Stanford Business School and Wharton Business School each bring their own strengths to Twitter, standing out among some of their top competitors, Harvard Business School and Kellogg Business School.
An initial glance at how Stanford Business School and Wharton set themselves apart on Twitter — Stanford by engagement, followers, and potential impressions, and Wharton by tweet volume, number of responses to follower queries, and Bit.ly clicks — whetted my curiosity.
Which specific tactics are these business schools using to stay on top in such a competitive environment?
Content That Appeals to More than Alumni
This is the first rule of being a thought leader in your space, social or otherwise: don’t just appeal to your “customer.” In Stanford Business’s case, the “customer” is the school’s alumni core.
How to Build a Better Social Media Team
While no brand should ignore or alienate its biggest fans, those who have already invested in their product, it is vital for business schools to create social content which will rope in future MBA candidates and increase brand awareness.
How does Stanford do this? By publishing engaging, cutting-edge content on its website, and linking to that content frequently.
During the analyzed time period (9/9/15-9/29/15), 100% of the most engaging tweets between Harvard, Kellogg, Wharton, and Stanford were all from Stanford.
All of them came from posts which either quoted an article they linked to on Stanford’s site or simply included the title.
By spreading word of their website content with universally compelling quotes like, “You only have one life to live, and you should take ownership. You should always keep your own compass” and titles like “How to present a new idea to a tough crowd.”
Wharton uses Twitter cards to tout the online courses it offers and let followers know about deadlines.
This in itself is not unusual. A lot of schools do this. What’s really notable is volume of Wharton’s tweets, and the number of replies they sent in relationship to their competitors.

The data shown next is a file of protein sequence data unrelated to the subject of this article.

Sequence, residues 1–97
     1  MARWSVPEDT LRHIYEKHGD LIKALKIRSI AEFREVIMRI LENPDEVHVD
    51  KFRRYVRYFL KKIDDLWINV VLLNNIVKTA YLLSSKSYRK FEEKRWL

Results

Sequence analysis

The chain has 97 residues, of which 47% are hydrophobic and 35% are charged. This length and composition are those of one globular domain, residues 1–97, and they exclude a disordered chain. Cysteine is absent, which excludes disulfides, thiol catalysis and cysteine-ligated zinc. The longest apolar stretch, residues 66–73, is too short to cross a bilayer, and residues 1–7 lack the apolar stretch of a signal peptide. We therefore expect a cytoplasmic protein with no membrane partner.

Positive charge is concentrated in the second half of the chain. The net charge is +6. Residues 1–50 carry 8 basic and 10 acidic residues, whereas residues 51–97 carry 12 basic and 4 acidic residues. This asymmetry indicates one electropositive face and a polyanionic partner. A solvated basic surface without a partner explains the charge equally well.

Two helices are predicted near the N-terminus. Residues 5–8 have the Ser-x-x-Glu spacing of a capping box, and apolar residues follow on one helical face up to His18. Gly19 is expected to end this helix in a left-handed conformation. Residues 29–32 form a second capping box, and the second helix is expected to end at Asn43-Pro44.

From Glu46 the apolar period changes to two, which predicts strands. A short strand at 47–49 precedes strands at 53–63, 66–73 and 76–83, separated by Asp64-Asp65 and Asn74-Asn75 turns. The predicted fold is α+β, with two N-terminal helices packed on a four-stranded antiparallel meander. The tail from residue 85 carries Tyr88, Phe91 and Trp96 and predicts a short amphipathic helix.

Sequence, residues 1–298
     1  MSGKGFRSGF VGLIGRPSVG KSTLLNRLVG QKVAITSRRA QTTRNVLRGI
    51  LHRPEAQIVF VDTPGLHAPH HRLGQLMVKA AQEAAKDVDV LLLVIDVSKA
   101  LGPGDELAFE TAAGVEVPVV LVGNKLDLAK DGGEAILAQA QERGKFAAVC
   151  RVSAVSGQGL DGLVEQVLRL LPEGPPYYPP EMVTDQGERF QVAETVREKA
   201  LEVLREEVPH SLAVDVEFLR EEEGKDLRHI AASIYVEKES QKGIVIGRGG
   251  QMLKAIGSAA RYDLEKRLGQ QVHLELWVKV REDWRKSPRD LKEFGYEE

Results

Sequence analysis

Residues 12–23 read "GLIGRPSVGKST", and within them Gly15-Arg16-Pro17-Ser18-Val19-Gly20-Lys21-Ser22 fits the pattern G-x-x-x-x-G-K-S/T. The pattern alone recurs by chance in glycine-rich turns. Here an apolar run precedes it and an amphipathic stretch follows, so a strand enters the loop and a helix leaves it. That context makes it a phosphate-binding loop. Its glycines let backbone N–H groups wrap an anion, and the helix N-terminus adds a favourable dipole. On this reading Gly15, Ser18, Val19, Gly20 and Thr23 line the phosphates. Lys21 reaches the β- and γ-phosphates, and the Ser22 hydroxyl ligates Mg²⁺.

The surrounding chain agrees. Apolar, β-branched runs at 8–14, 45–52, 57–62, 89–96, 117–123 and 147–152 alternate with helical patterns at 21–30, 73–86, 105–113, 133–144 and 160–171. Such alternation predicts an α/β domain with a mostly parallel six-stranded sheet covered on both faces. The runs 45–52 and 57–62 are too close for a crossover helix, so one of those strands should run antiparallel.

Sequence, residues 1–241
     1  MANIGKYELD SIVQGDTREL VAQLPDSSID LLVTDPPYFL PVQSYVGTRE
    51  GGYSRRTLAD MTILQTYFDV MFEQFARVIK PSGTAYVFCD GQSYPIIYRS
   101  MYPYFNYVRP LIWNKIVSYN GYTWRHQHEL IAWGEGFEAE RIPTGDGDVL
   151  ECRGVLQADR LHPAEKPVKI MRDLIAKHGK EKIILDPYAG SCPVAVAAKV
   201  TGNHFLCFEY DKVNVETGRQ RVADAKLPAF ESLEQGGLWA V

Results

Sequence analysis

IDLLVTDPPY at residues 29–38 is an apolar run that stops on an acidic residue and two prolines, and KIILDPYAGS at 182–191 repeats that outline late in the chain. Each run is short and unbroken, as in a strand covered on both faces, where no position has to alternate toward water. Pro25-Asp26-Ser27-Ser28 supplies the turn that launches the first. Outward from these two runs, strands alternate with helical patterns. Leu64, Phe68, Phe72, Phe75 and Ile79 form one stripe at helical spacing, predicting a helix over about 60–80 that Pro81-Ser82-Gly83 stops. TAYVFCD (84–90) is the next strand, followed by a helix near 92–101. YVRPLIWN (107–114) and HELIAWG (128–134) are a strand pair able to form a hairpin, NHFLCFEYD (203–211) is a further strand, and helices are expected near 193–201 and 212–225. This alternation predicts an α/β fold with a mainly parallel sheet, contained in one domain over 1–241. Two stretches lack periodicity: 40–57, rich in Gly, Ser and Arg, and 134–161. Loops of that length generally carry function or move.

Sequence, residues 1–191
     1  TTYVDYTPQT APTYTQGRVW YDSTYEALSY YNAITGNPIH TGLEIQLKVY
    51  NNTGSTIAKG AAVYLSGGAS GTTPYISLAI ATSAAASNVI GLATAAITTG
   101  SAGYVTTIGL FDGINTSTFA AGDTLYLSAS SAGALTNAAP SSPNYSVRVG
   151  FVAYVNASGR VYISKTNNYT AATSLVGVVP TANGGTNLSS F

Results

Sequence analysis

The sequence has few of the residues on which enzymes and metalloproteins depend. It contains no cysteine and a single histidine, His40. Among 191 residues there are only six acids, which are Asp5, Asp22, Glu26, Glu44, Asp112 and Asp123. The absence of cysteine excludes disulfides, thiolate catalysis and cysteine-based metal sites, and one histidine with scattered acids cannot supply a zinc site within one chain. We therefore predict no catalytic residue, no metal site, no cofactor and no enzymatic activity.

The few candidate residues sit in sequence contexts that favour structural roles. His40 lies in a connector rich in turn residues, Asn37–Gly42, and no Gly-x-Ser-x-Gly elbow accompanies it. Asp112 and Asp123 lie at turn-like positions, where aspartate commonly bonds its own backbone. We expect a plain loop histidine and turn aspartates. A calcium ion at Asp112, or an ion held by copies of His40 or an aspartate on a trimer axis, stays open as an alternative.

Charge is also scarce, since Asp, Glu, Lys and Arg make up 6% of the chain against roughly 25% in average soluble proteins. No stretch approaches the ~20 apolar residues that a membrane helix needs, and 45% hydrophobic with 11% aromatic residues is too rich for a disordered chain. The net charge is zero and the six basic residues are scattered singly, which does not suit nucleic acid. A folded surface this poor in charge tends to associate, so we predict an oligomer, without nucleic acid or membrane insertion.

Wharton sent almost double the number of tweets that Stanford and Kellogg did, many of those responses to questions that their brand tweets inspired.
By keeping this dialogue going , Wharton increased engagement and was able to answer questions to encourage greater enrollment in their online courses.
Twitter Card and the Power of Clicking Through
Wharton is making frequent use of Twitter cards with “Enroll Now” buttons.
This type of tweet stands out on people’s timelines. The “Enroll Now” button takes Twitter users directly through to the course sign-up page, which encourages sign-ups by limiting the amount of steps people have to take between clicking through and signing up.
Another piece of click-through encouragement has come in the form of Wharton’s masterful use of Bit.ly links.
Tracking Twitter movement from the social network to the desired site target is incredibly easy with Bit.ly links, and this data shows us how successful Wharton’s significant number of brand tweets have been at directing Twitter users towards their site.
While Wharton’s total engagements (mentions, replies, retweets, and favorites) is lower than its competitors, its web conversions are incredibly robust.
1. Look at your social next to your competitors’. Avoid confusion and understand the full picture by studying your competitors’ activities and your own social activities side-by-side. You’ll gain invaluable insight that you miss when you just peep at each set of data individually.
2. Sometimes it pays to be plain. Especially if you’re targeting businesses or businesspeople, you don’t always need to include a lot of bells and whistles in your social content. Experiment by linking to content with straightforward text in tweets, like the title of the content or a quote from within the content.
3. Target future customers. Put the time and effort into positioning yourself as a thought leader with people who might not have you on their radar yet.
4. Respond often. Don’t expect your content to do all the work for you — social users will be more inclined to engage again (and click-through) if your brand responds. No one wants to feel like they’re screaming into the void.
5. Know your goals. You might not win engagement compared to your competitors, but are your web conversions through the roof? Make sure you’re prioritizing what’s most important to your brand.
How will you implement Stanford and Wharton’s lessons in your own strategy? Let us know in the comments below, and download our Twitter manual to learn more about best practices on the network.